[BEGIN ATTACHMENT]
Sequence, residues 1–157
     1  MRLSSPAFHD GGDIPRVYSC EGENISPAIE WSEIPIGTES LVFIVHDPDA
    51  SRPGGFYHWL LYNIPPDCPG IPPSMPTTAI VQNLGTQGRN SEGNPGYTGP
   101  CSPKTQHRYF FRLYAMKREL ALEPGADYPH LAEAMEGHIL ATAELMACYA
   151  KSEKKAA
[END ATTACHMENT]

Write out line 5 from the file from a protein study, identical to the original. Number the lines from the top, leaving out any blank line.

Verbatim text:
   151  KSEKKAA